Young people want clear information about the boundaries under which workers operate. Young people may be reticent about talking with social workers about issues that they know may be taken further. If young people understand why there are boundaries, this can reduce the possible conflicts of trust. Likewise there should be clear statements about any behaviour and disciplinary policies and under what circumstances parents will be informed.Support and counselling should be available to all looked after young people who have been using volatile substances.
Telephone helplines and other information leaflets need to be displayed.
The health of looked after children and young people in and leaving local authority care has received increased attention at a political and practice level in Scotland in recent years. A growing body of Scottish research is also contributing to our understanding of the health and well-being needs and issues of this vulnerable group of children and young people.
At a local practice level there have been many positive developments throughout Scotland. However, available evidence would still suggest that health outcomes remain comparatively and significantly poorer than children and young people without a history of care or being looked after.
It is therefore imperative that the health and well-being needs of children and young people in and leaving care continues to be driven forward, at a local and national level, as a key priority area for children's policy and service planning. The Scottish Healthy Care Network will be active in raising the profile of health as it relates to looked after children and young people in and leaving care and in doing so will provide a strong voice in influencing health policy, planning and practice at a local and national level in Scotland.
The network is concerned with identifying and disseminating relevant material on good practice, innovation, policy, research and resources and with creating opportunities for debate and the facilitation of ideas and information (see Scottish Healthy Care Network, SIRCC, University of Strathclyde).
The study Smoking, Drinking and Drug Use among Young People in England in 20031 found that those who had taken volatile substances by the age of 13 were over twice as likely as those who had not, to have taken Class A drugs in the previous year (16% compared with 7% respectively).
Two American studies demonstrated a strong correlation between early inhalant use and problematic drug use in later life.2, 3
26% of serious persistent offenders had used volatile substances, and 19% of lifetime minor offenders.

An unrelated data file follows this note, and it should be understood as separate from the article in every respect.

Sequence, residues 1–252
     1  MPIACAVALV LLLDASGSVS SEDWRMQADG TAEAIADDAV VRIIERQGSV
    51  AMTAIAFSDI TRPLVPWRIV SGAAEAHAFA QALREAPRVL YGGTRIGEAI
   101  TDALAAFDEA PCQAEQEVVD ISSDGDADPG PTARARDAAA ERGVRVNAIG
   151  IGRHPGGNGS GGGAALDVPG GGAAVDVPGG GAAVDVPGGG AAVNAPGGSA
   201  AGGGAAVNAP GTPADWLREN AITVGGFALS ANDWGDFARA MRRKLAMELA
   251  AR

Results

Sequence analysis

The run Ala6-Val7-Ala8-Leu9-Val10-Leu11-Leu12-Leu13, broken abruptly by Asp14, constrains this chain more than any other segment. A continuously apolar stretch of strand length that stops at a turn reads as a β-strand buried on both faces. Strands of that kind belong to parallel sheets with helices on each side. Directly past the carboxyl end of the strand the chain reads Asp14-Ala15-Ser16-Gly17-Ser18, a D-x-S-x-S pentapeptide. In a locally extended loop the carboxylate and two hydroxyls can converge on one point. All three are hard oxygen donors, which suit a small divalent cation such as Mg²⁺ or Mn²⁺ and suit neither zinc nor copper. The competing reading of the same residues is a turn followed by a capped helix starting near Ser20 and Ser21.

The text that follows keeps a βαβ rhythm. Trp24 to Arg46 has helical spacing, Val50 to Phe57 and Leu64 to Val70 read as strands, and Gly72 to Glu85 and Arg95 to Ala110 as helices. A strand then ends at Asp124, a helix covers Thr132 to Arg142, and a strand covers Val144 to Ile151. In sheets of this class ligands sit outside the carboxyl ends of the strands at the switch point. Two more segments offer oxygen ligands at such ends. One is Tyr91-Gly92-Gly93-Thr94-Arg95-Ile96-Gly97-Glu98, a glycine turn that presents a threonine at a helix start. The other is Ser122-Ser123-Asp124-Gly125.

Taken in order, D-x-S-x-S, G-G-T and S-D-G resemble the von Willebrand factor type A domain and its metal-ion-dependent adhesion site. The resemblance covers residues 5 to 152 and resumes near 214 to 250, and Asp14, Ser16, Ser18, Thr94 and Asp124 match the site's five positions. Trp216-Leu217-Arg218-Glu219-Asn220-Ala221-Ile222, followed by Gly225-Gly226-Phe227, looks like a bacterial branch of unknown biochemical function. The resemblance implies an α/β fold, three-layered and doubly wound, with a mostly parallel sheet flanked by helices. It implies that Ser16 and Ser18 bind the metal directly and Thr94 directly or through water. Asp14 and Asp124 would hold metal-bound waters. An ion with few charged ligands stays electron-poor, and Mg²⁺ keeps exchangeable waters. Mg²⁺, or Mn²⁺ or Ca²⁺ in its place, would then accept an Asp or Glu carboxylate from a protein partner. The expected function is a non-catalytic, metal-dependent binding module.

In 1999 Re-Solv undertook a survey within Werrington Young Offenders Institute (YOI) on behalf of the HM Inspector of Prisons. The survey found that 42% of the sample had used volatile substances. 30% were aware of volatile substance abuse within the YOI particularly with regard to petrol. Discussions with the staff revealed that there had been a serious VSA related incident in the month before the survey. The survey was followed by recommendations to improve screening and staff training.
ASSET was introduced in 2000 as a common structured assessment profile across the youth justice system in England and Wales. Analysis of the assessments showed that 12% of young offenders admitted to having used solvents. This compares with 13% who admitted to using a Class A drug, the most common of which was ecstasy which 10% reported using. Amongst young offenders completing pre-sentence reports, 18% had used volatile substances compared with 20% having used Class A drugs.
The Home Office study A Road to Ruin, looked at the chronology of offending and drug using behaviour. This is important evidence in establishing whether drugs can be a gateway into criminal behaviour. The study found that criminal behaviour tended to precede drug use. The average age for onset of crime was 14.5 years compared with 16.2 years for drugs generally and 19.9 years for hard drugs. The average of onset for volatile substance abuse was 14.1 years, i.e. just preceding the onset of criminal behaviour, suggesting that it could be a gateway into criminal behaviour. Re-Solv has press reports of over 674 individual court cases where VSA is mentioned within the context of the behaviour of the defendant or defendants over a period of 9 years. The list includes 26 prosecutions for murder. These reports highlight that there is a wide diversity of incidents and a high proportion of very serious offences including rape and murder. This may suggest that this reporting is only the tip of the iceberg, as “less interesting” cases will receive less press attention. Alternatively, it may suggest that volatile substances have a marked impact upon behaviour, particularly anti-social and criminal behaviour. There are also a significant number of repeat offenders. Reports from 2005 included several individuals charged with over 50 offences.
There does not appear to be any recent Scottish data on the specific relationship between VSA and crime or delinquency. However, in press reports filed with Re-Solv there have been several recent reports of people in their 20’s and 30’s charged with a variety of crimes, some of whom had been abusing solvents since their early teens and were also currently addicted to heroin.